Exercise can be beneficial for patients with multiple sclerosis, a degenerative nerve disease that progressively impairs central nervous system function. However, for some patients, a rise in body temperature, which occurs during exercise and/or exposure to hot and humid conditions, can make symptoms temporarily worse. Researchers at Southern Methodist University collaborating with colleagues from University of Sydney set out to explore how moderate exercise affected patients with MS compared with healthy control subjects. Mu Huang, will present the research team's findings in a poster session on Tuesday, April 29, at the Experimental Biology meeting.
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Huang et al. asked five patients with MS and five control subjects to cycle in a temperature-controlled room for 30-60 minutes. They found that sweating took longer to start and sweat rate was lower during exercise-induced body temperature increases in MS patients compared to healthy control subjects. This altered temperature regulation also led to a greater increase in core temperature among the MS patients vs. controls. Overheating in this way could cause a temporary worsening of symptoms, which may impact the ability to exercise or discourage patients with MS from exercising.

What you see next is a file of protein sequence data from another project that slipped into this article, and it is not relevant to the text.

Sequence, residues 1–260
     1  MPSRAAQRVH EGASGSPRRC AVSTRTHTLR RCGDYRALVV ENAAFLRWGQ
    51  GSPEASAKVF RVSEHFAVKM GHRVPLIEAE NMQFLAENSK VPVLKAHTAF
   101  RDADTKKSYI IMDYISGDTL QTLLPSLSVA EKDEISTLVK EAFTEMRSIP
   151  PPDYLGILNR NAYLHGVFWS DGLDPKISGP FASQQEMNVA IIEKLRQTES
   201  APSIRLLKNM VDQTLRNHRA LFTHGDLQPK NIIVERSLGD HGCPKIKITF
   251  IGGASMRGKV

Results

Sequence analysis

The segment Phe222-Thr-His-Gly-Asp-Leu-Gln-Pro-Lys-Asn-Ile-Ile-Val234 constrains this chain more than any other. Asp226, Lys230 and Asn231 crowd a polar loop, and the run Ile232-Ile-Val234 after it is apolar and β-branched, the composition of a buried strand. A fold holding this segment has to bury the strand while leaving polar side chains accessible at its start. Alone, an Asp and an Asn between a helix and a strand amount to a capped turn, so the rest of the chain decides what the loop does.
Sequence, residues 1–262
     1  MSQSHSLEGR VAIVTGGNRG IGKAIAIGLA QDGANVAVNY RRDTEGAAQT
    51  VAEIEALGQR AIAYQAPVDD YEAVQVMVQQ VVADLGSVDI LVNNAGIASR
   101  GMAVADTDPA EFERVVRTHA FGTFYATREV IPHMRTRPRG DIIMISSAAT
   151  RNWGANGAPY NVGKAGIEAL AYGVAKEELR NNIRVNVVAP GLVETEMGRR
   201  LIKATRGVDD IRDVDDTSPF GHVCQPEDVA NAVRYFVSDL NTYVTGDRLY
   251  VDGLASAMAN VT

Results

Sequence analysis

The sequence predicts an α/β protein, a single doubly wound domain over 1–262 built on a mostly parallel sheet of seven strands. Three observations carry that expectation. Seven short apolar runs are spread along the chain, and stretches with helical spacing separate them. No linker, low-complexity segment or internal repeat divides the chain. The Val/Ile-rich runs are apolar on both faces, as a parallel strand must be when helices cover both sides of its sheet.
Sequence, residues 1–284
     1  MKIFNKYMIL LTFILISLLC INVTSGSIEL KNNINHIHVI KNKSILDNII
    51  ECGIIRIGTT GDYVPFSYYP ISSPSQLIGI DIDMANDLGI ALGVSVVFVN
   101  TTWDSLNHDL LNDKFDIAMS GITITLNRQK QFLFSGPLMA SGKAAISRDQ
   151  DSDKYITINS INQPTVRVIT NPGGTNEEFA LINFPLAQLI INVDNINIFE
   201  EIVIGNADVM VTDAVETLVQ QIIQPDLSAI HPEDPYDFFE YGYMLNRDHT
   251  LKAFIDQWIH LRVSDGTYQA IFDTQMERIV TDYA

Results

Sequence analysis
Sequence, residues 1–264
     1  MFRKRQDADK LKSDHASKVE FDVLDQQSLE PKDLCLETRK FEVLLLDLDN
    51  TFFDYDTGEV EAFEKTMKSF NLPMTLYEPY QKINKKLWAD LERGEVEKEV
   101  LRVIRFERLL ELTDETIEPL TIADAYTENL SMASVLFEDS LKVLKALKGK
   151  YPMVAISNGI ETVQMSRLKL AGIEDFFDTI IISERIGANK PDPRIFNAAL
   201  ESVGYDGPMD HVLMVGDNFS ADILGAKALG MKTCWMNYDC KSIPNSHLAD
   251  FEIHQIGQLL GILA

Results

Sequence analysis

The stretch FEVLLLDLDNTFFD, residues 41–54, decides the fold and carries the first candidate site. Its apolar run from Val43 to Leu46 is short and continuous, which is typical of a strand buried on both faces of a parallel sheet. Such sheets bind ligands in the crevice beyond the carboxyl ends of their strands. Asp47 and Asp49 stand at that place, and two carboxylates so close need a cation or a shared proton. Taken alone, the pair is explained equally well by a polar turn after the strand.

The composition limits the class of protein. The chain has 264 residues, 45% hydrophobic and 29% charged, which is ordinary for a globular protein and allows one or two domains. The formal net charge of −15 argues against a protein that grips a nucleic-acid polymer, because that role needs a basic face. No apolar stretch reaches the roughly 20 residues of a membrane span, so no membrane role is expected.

"While preliminary, these findings suggest that a larger rise in body temperature seen in MS patients is due to a lower sweat rate and a delay in the start of sweating thereby limiting the body's ability to cool itself down. A greater understanding of how MS affects the body's ability to dissipate heat during exercise will provide insight into ways of reducing the impact of heat intolerance and improving the safety and benefit of exercise for MS patients," researchers noted.
The above post is reprinted from materials provided by Federation of American Societies for Experimental Biology (FASEB). Note: Materials may be edited for content and length.
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